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Jonathan Addo
Jonathan Addo
  • Jonathan Addo

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  • British Virgin Islands
Jeremy Child
Jeremy Child
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Julie Engwirda
Julie Engwirda
  • Julie Engwirda

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Peter Ferrer
Peter Ferrer
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  • British Virgin Islands
Claire Goldstein
Claire Goldstein
  • Claire Goldstein

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  • British Virgin Islands
Hazel-Ann Hannaway
Hazel-Ann Hannaway
  • Hazel-Ann Hannaway

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Nick Hoffman
Nick Hoffman
  • Nick Hoffman

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  • Cayman Islands
Andrew Johnstone
Andrew Johnstone
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Paula Kay
Paula Kay
  • Paula Kay

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Phillip Kite
Phillip Kite
  • Phillip Kite

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Vicky Lord
Vicky Lord
  • Vicky Lord

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  • Shanghai
Paul Madden
Paul Madden
  • Paul Madden

  • Partner
  • Cayman Islands
Henry Mander
Henry Mander
  • Henry Mander

  • Partner
  • Cayman Islands
Ian Mann
Ian Mann
  • Ian Mann

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  • Hong Kong
William Peake
William Peake
  • William Peake

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  • London
Lorinda Peasland
Lorinda Peasland
  • Lorinda Peasland

  • Consultant
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Chai Ridgers
Chai Ridgers
  • Chai Ridgers

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Nicola Roberts
Nicola Roberts
  • Nicola Roberts

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  • Singapore
Paul Smith
Paul Smith
  • Paul Smith

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  • Cayman Islands
Andrew Thorp
Andrew Thorp
  • Andrew Thorp

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  • British Virgin Islands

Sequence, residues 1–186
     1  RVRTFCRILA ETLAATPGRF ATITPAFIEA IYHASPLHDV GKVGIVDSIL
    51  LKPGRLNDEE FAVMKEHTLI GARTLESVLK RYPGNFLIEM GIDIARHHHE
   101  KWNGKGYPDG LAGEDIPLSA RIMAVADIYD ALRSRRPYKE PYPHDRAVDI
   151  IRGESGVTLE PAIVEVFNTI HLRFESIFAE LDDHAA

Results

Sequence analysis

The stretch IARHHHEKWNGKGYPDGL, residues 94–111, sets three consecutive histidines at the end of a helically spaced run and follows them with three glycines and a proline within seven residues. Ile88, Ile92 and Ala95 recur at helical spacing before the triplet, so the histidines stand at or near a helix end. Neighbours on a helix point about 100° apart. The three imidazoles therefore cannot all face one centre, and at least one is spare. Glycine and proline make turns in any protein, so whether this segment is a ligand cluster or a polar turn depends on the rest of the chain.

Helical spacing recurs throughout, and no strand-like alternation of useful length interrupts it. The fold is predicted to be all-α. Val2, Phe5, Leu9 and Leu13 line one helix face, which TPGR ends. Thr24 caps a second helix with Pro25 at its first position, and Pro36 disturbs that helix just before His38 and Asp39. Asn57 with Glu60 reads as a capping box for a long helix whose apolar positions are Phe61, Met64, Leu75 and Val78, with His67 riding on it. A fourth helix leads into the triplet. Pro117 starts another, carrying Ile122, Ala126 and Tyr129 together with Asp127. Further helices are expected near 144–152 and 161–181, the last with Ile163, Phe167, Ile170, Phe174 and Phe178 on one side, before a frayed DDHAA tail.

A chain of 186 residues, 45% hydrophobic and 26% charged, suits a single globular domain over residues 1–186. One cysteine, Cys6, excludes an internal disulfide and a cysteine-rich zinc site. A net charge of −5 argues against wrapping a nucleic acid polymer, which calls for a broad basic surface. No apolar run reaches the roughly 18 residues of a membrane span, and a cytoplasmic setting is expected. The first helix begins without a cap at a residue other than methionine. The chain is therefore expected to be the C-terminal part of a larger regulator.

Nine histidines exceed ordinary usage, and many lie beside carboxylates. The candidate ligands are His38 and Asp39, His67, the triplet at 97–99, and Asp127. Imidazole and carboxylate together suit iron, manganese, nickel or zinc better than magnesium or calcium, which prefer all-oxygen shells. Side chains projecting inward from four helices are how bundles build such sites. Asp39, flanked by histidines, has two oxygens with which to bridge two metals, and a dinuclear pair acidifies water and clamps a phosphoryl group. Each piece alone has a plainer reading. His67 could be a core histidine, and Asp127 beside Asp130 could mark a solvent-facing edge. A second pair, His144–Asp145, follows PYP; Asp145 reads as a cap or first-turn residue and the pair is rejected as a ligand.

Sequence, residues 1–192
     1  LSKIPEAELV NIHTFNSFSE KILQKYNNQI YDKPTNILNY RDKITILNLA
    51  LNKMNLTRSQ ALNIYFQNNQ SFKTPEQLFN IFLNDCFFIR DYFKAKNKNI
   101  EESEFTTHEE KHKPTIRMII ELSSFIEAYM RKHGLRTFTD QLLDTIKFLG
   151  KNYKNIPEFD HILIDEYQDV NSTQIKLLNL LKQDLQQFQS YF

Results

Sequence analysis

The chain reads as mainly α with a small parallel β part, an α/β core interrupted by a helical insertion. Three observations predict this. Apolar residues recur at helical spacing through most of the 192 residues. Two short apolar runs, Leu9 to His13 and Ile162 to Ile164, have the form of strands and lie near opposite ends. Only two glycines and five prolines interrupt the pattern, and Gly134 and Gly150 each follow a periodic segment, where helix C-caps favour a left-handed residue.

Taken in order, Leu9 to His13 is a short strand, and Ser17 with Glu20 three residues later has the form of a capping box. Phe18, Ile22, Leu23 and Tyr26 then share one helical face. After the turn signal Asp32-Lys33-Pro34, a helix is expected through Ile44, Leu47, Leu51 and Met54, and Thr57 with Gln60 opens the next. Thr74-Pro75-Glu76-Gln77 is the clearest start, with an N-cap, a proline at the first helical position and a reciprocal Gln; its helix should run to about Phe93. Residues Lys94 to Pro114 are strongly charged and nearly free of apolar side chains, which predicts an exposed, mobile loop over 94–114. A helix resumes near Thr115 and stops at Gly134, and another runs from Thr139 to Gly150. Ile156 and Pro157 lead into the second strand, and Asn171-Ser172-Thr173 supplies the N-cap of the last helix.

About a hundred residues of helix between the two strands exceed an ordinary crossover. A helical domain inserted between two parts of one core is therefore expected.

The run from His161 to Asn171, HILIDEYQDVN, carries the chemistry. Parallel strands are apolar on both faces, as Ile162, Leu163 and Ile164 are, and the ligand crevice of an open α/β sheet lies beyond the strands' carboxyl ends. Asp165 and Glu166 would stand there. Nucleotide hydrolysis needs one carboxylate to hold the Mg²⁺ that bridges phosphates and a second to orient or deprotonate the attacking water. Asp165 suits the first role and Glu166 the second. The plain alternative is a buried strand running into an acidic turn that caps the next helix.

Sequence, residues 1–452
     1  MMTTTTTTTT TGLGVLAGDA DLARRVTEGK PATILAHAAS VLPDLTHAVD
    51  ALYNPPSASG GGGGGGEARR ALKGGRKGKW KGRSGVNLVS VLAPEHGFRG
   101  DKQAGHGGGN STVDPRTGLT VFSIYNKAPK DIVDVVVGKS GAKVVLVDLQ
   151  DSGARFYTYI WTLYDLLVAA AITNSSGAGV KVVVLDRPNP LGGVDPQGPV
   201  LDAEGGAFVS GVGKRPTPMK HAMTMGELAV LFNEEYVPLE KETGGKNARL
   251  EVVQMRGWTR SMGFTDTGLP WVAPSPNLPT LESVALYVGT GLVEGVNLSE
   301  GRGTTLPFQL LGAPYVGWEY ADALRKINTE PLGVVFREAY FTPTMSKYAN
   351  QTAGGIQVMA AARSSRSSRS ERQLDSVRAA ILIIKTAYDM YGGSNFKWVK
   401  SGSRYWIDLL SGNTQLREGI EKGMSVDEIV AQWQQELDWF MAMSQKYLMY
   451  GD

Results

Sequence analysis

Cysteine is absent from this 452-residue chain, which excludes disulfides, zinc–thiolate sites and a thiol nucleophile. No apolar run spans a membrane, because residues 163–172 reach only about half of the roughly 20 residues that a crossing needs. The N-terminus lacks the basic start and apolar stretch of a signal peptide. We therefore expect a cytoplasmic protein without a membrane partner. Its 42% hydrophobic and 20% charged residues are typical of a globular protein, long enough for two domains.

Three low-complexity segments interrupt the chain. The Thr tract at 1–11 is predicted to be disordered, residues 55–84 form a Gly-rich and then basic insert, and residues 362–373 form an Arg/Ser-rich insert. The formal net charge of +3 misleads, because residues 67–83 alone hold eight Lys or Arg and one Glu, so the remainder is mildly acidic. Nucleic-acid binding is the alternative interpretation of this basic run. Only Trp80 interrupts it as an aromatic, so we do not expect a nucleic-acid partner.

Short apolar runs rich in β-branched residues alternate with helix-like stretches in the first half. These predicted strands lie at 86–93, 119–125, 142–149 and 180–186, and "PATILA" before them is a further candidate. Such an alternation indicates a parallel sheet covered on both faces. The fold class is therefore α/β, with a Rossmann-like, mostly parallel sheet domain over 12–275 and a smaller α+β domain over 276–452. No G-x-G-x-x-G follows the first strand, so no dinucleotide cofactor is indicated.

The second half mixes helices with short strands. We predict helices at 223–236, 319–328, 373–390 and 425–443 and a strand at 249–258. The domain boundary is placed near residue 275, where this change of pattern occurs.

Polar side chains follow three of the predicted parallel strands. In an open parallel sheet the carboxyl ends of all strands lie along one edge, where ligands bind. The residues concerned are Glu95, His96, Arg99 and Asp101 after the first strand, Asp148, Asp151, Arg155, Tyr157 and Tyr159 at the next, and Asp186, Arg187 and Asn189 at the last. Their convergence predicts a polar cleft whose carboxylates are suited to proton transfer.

Jessica Williams
Jessica Williams
  • Jessica Williams

  • Partner
  • Cayman Islands
Jayson Wood
Jayson Wood
  • Jayson Wood

  • Partner
  • Cayman Islands

Shareholder Activism Offshore: Q4 2017 activity leading to active 2018

An activist shareholder uses its equity stake in a corporation to put public pressure on its management. Shareholder activism is an attractive means of launching a campaign compared to a more costly and difficult process of a full takeover.  

2017 saw remarkable growth in shareholder activism in contradistinction to the popularity of passive index tracker funds. Since the global financial crisis in 2008 activist investing has been on a sharp increase. It is estimated by the end of the third quarter of 2017 worldwide activist positions have already totaled US$45 billion compared to nearly US$25 billion for the whole of 2016. US activists have also stormed the European market with US$9.9 billion invested on new campaigns. This is a sharp increase on the US$2 billion invested in 2016. The improved economic outlook in Europe and declining political risks will no doubt see the popularity of these campaigns increase in 2018, especially considering funds are up about 12 per cent for the year according to Preqin data.

  • Nelson Peltz was granted a board room seat in Procter & Gamble even though the final tally showed he lost by a few seats following a count which showed he had been elected.  His activist campaign with Procter & Gamble was the biggest activist fight of the year.
  • Elsewhere in Europe Elliott Management Corporation, has been busy launching numerous activist campaigns.  It targeted Akso Nobel, BHP Billiton and Acronic. In the battle with the Acronic, the company settled following an offer of board seats. This offer followed a difficult scenario where the former CEO of Acronic had written a letter to the founder of Elliott Management, Paul Singer.
  • In another titanic battle Unilever managed to successfully fend off an approach from their US rival Kraft Heinz who was backed by the investment firm 3G Capital.
  • Other American activists making waves in Europe was Dan Loeb’s Third point, Keith Meister’s Corvex and Scott Ferguson’s Sachem Head. Even the largest companies in Europe are not immune to shareholder activism.  Dan Loeb’s Third point purchased a stake in Nestle and has now amassed a US$3.5 billion stake in the company. Sir Christopher Hohn’s TCI fund also had the rather unusual campaign where it unsuccessfully tried to retain the departing CEO of the London Stock Exchange, Xavier Rolet.
  • In Asia, the most prominent of the shareholder activism cases concerned the Bank of East Asia where Mr. Paul Singer’s Elliott Management Corporation was busy again. The CEO of Bank of East Asia, Sir David Li Kwok-Po was determined to fight off the challenge of Mr. Singer. Elliott Management Corporation owned 8 per cent of the banks outstanding shares and was seeking a sale of the bank.

American investors sometimes complain about their rights in Chinese companies listed in the United States. One such company was Sina, an internet company incorporated in the Cayman Islands which managed to fend off Aristeia Capital, an American hedge fund, by winning a proxy fight at the end of 2017. This hedge fund attempted to seek changes to Sina’s business strategy in China. Such activists’ campaigns have been relatively rare in the Asian market but there is no doubt 2018 is going to be an interesting year in Asia for activist campaigns.

 

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